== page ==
Personalized mRNA Vaccines to Combat Pancreatic Cancer

Category Science

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Scientists have developed a personalized mRNA vaccine to target and fight pancreatic cancer, which is one of the leading causes of cancer death in the US. 16 patients participated in phase 1 trials and showed improvement in their immune response when given the vaccine alongside chemotherapy and immunotherapy. The results have been published in the Nature journal.

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Scientists have created the first-of-its-kind personalized mRNA vaccine in an effort to combat pancreatic cancer.

Patients were enrolled in clinical trials to test this personalized approach to treat a type of pancreatic cancer known as pancreatic ductal adenocarcinoma (PDAC).

--- The approach to creating a cancer vaccine --- .

Recent studies have found elevated levels of neoantigens in PDAC. Neoantigens are proteins that generally form on the surface of cancer cells. These proteins can be targeted in developing personalized therapies, such as vaccines, to improve immune function in PDAC patients. The vaccines would increase T cell activity, a type of white blood cell that is part of our immune system.

PDAC is the most common form of pancreatic cancer, that is challenging to treat

A sample of cells from each individual's tumor was taken for DNA and RNA sequencing to create personalized vaccines. This procedure aided in the identification of mutant versions of proteins (neoantigens) that form in cancer cells. Finally, this neoantigen was used to create personalized messenger RNA vaccines.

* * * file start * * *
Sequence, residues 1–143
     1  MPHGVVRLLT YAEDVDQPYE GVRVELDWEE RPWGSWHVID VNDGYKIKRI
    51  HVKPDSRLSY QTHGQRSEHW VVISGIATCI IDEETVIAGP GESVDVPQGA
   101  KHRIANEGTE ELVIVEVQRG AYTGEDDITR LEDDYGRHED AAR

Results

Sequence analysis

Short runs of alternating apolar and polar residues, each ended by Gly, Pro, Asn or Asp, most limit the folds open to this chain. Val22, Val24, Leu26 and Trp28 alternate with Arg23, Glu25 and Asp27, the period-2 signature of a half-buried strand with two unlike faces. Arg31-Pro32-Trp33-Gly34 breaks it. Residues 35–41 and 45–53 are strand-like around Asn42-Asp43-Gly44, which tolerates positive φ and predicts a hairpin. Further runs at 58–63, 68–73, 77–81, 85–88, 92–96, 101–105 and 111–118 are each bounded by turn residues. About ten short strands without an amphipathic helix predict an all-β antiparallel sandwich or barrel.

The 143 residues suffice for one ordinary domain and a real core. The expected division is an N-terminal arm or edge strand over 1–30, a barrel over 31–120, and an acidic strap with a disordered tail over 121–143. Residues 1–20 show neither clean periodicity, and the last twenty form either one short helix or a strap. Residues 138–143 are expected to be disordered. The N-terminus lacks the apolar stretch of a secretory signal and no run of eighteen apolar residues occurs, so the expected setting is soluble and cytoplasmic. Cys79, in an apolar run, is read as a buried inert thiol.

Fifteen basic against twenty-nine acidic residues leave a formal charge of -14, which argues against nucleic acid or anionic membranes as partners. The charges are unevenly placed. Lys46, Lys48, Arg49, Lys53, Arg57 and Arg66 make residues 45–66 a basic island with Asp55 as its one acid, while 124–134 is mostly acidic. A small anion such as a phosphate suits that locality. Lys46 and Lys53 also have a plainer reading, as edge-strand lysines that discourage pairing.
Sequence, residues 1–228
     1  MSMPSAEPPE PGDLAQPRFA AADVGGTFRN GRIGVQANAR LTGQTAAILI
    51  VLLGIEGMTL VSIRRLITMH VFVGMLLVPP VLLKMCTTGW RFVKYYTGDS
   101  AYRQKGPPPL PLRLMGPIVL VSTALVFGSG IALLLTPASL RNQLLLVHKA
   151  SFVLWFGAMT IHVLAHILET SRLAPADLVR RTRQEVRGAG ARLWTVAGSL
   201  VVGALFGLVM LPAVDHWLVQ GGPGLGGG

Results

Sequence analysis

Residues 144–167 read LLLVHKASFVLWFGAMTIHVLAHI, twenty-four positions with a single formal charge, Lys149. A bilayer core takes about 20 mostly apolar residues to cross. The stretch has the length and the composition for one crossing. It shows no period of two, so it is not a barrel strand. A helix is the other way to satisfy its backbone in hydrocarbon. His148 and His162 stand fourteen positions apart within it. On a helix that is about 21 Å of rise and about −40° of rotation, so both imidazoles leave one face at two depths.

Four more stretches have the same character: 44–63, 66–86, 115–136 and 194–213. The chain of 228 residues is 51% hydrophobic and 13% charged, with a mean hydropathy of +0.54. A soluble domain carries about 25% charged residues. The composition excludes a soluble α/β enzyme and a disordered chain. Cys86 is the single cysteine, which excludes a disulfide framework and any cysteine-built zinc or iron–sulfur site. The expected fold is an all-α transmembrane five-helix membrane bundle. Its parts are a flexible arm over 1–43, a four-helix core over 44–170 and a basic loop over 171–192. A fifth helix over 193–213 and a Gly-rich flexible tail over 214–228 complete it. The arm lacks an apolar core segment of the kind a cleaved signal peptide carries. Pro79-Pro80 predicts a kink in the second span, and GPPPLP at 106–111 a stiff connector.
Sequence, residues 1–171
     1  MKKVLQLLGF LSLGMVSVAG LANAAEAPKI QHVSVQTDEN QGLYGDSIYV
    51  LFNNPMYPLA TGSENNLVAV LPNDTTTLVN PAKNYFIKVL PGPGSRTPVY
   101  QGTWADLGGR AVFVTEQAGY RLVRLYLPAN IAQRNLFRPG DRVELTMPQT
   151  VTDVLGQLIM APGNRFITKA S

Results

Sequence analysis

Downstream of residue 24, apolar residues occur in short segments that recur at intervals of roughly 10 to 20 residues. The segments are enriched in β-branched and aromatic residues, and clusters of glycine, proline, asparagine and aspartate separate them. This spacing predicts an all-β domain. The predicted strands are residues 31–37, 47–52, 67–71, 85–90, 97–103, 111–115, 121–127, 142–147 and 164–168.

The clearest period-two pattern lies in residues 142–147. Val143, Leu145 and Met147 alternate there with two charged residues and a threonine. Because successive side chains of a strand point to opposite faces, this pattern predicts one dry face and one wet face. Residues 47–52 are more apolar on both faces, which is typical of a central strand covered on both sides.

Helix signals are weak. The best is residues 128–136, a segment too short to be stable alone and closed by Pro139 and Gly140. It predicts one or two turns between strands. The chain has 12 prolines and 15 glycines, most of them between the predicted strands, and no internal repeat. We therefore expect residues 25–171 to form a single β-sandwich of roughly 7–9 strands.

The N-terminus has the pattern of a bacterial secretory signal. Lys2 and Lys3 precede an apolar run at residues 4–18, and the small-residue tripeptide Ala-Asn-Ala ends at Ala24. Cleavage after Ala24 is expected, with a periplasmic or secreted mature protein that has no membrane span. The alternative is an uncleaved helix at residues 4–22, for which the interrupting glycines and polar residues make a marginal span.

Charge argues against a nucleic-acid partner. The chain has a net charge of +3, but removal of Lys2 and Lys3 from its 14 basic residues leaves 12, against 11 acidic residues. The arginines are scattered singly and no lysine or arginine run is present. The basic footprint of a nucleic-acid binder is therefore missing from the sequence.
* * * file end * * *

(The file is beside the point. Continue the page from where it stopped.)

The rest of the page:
The results showed that the individual vaccine candidate could improve immune response and delay the possibility of cancer relapse in the selected patients.

50% of the patients showed a positive response to the vaccine in the study

The phase 1 trials included 16 patients with PDAC. According to the study, all these patients had their tumors surgically removed. Each of the patients was given a personalized mRNA vaccine called adjuvant autogene cevumeran by the researchers. The vaccine was given alongside other treatments, such as chemotherapy and immunotherapy.

"They observed substantial T cell responses in 50% of patients, indicating that the vaccine can induce an improved immune response. After an 18-month follow-up, the elevated immune responses in patients correlated with longer times to relapse, whereas patients that showed no response to the vaccine experienced progression at a median of 13.4 months after the initial assessment," explained the official statement.

Chemotherapy and immunotherapy are the conventional lines of treatment used presently to fight pancreatic cancer

This preliminary study provides hope for treating PDAC with personalized mRNA vaccines. In the future, the researchers hope to conduct vaccine trials on a larger group of patients to test its efficacy.

If the personalized vaccine proves to be effective, it could significantly improve the lives of PDAC patients. PDAC is one of the leading causes of cancer death in the United States, and patients with this pancreatic cancer have a lower survival rate. Surgical and medicinal therapies are commonly used to delay the chances of cancer recurrence, but these strategies have a low success rate.

PDAC is the 10th leading cause of cancer mortality in the US

Various institutes, including Memorial Sloan Kettering Cancer Center in New York, conducted the vaccine trial.

The results have been published in the journal Nature.

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